He reached for my unused paper, sliding it across the table toward him. He crumpled it into a ball. Before I could protest, he tossed it at the trash can beside Coach’s desk. The shot dropped in.
I stared at the trash can a moment, locked between disbelief and anger. Then I flipped open my notebook to a clean page. “What is your name?” I asked, pencil poised to write.
I glanced up in time to catch another dark grin. This one seemed to dare me to pry anything out of him.
“Your name?” I repeated, hoping it was my imagination that my voice faltered.
“Call me Patch. I mean it. Call me.”
He winked when he said it, and I was pretty sure he was making fun of me.
“What do you do in your leisure time?” I asked.
“I don’t have free time.”
“I’m assuming this assignment is graded, so do me a favor?”
He leaned back in his seat, folding his arms behind his head. “What kind of favor?”
I was pretty sure it was an innuendo, and I grappled for a way to change the subject.
“Free time,” he repeated thoughtfully. “I take pictures.”
I printed Photography on my paper.
“I wasn’t finished,” he said. “I’ve got quite a collection going of an eZine columnist who believes there’s truth in eating organic, who writes poetry in secret, and who shudders at the thought of having to choose between Stanford, Yale, and . . . what’s that big one with the H?”
I stared at him a moment, shaken by how dead on he was. I didn’t get the feeling it was a lucky guess. He knew. And I wanted to know how—right now.
“But you won’t end up going to any of them.”
“I won’t?” I asked without thinking.
He hooked his fingers under the seat of my chair, dragging me closer to him. Not sure if I should scoot away and show fear, or do nothing and feign boredom, I chose the latter.
He said, “Even though you’d thrive at all three schools, you scorn them for being a cliché of achievement. Passing judgment is your third biggest weakness.”
“And my second?” I said with quiet rage. Who was this guy? Was this some kind of disturbing joke?
“You don’t know how to trust. I take that back. You trust—just all the wrong people.”
“And my first?” I demanded.
“You keep life on a short leash.”
“What’s that supposed to mean?”
“You’re scared of what you can’t control.”
The hair at the nape of my neck stood on end, and the temperature in the room seemed to chill. Ordinarily I would have gone straight to Coach’s desk and requested a new seating chart. But I refused to let Patch think he could intimidate or scare me. I felt an irrational need to defend myself and decided right then and there I wouldn’t back down until he did.
“Do you sleep naked?” he asked.
My mouth threatened to drop, but I held it in check. “You’re hardly the person I’d tell.”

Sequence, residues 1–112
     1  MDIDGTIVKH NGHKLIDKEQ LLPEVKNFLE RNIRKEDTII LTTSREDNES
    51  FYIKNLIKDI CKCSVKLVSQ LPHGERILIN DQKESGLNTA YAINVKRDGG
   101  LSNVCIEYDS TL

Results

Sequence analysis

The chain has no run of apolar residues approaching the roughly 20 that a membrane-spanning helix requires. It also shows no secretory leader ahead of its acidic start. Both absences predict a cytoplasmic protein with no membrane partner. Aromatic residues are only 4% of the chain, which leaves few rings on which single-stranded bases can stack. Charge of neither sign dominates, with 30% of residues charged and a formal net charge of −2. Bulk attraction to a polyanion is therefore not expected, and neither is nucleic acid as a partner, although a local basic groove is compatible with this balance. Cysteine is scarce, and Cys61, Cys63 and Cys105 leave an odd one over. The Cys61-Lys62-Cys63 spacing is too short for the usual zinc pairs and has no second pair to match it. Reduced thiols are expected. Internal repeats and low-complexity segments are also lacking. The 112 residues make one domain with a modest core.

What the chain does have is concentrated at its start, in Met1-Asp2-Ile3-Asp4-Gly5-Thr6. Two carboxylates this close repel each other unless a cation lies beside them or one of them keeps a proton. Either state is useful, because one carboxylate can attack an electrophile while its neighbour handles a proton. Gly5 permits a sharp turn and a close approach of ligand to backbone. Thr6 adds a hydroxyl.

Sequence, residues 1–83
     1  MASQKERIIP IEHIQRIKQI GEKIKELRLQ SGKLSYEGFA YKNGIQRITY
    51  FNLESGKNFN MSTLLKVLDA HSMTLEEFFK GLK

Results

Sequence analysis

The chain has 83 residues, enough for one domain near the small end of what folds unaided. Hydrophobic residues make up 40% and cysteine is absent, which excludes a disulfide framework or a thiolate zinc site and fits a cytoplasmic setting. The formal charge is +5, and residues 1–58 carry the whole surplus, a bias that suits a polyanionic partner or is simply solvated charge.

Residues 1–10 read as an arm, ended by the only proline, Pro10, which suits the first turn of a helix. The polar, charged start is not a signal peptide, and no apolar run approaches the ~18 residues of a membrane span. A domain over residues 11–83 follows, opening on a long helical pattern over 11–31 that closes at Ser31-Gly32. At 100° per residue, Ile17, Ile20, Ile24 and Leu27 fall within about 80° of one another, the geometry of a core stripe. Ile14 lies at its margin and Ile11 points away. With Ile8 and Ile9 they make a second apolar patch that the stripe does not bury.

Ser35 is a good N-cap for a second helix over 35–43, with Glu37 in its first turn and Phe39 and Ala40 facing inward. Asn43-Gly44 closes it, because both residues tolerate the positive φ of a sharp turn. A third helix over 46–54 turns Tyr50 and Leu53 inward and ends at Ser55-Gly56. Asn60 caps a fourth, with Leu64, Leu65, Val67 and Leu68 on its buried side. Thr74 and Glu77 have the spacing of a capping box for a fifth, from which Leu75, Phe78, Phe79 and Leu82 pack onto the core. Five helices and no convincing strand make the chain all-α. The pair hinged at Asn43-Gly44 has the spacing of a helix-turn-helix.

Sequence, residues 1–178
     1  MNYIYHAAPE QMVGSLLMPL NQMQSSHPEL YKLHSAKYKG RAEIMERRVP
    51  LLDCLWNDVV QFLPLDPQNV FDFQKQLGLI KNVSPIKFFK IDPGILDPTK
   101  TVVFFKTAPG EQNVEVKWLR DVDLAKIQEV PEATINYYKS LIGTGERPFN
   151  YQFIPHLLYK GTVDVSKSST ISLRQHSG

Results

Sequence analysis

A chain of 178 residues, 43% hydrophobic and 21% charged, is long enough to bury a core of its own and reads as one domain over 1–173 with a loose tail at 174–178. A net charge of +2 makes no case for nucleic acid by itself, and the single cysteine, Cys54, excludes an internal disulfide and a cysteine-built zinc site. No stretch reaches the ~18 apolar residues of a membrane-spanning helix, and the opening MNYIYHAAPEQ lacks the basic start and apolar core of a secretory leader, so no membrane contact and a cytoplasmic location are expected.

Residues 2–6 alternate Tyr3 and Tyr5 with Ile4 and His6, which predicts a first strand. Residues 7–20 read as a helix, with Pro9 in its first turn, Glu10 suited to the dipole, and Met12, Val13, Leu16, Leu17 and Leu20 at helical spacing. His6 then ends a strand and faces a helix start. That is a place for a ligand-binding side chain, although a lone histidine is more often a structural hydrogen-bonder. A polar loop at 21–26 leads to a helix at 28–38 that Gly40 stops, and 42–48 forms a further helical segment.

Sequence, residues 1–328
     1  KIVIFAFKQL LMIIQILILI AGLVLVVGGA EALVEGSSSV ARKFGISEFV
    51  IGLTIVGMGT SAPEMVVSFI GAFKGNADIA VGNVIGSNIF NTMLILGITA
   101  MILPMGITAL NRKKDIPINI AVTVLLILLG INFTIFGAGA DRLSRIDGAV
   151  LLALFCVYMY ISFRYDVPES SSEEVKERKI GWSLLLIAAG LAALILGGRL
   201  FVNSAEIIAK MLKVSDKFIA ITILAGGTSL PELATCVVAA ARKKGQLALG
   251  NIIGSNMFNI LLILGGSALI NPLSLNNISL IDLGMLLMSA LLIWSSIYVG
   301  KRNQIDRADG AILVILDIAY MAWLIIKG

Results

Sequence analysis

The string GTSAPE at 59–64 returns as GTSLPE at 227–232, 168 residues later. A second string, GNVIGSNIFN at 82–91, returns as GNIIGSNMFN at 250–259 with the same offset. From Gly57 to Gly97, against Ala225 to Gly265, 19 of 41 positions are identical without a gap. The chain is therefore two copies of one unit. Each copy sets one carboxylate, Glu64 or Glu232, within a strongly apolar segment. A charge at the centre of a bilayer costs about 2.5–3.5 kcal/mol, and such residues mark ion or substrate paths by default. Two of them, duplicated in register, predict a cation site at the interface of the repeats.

“Ever been to a shrink?”
“No,” I lied. The truth was, I was in counseling with the school psychologist, Dr. Hendrickson. It wasn’t by choice, and it wasn’t something I liked to talk about.
“Done anything illegal?”
“No.” Occasionally breaking the speed limit wouldn’t count. Not with him. “Why don’t you ask me something normal? Like . . . my favorite kind of music?”
“I’m not going to ask what I can guess.”
“You do not know the type of music I listen to.”
“Baroque. With you, it’s all about order, control. I bet you play . . . the cello?” He said it like he’d pulled the guess out of thin air.
“Wrong.” Another lie, but this one sent a chill rippling along my skin. Who was he really? If he knew I played the cello, what else did he know?
“What’s that?” Patch tapped his pen against the inside of my wrist. Instinctively I pulled away.
“Looks like a scar. Are you suicidal, Nora?” His eyes connected with mine, and I could feel him laughing. “Parents married or divorced?”
“I live with my mom.”
“My dad passed away last year.”
“How did he die?”
I flinched. “He was—murdered. This is kind of personal territory, if you don’t mind.”
There was a count of silence and the edge in Patch’s eyes seemed to soften a touch. “That must be hard.” He sounded like he meant it.
The bell rang and Patch was on his feet, making his way toward the door.
“Wait,” I called out. He didn’t turn. “Excuse me!” He was through the door. “Patch! I didn’t get anything on you.”
He turned back and walked toward me. Taking my hand, he scribbled something on it before I thought to pull away.
I looked down at the seven numbers in red ink on my palm and made a fist around them. I wanted to tell him no way was his phone ringing tonight. I wanted to tell him it was his fault for taking all the time questioning me. I wanted a lot of things, but I just stood there looking like I didn’t know how to open my mouth.
At last I said, “I’m busy tonight.”
“So am I.” He grinned and was gone.
I stood nailed to the spot, digesting what had just happened. Did he eat up all the time questioning me on purpose? So I’d fail? Did he think one flashy grin would redeem him? Yes, I thought. Yes, he did.
“I won’t call!” I called after him. “Not—ever!”
“Have you finished your column for tomorrow’s deadline?” It was Vee. She came up beside me, jotting notes on the notepad she carried everywhere. “I’m thinking of writing mine on the injustice of seating charts. I got paired with a girl who said she just finished lice treatment this morning.”
“My new partner,” I said, pointing into the hallway at the back of Patch. He had an annoyingly confident walk, the kind you find paired with faded T-shirts and a cowboy hat. Patch wore neither. He was a dark-Levi’s-dark-henley-dark-boots kind of guy.
“The senior transfer? Guess he didn’t study hard enough the first time around. Or the second.” She gave me a knowing look. “Third time’s a charm.”
“He gives me the creeps. He knew my music. Without any hints whatsoever, he said, ‘Baroque.’ “ I did a poor job of mimicking his low voice.
“He knew . . . other things.”
I let go of a sigh. He knew more than I wanted to comfortably contemplate. “Like how to get under my skin,” I said at last. “I’m going to tell Coach he has to switch us back.”
“Go for it. I could use a hook for my next eZine article. ‘Tenth Grader Fights Back.’ Better yet, ‘Seating Chart Takes Slap in the Face.’ Mmm. I like it.”
At the end of the day, I was the one who took a slap in the face. Coach shot down my plea to rethink the seating chart. It appeared I was stuck with Patch.
- Simon & Schuster Books for Young Readers |
- 432 pages |
- ISBN 9781416989424 |
- September 2010 |
- Grades 9 and up
Becca Fitzpatrick: Book That Changed My LIfe
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Silence by Becca Fitzpatrick
If it weren't for my tenth-grade biology class, and my dedicated but oddball teacher, I probably never would have written Hush, Hush. And if it weren't for my birthday eight years ago, I might never have recalled a single incident from high-school biology. February 3, 2003. My twenty-fourth birthday. After a long debate between Japanese cooking lessons and an eight-week writing class, my husband decided to give me the writing class for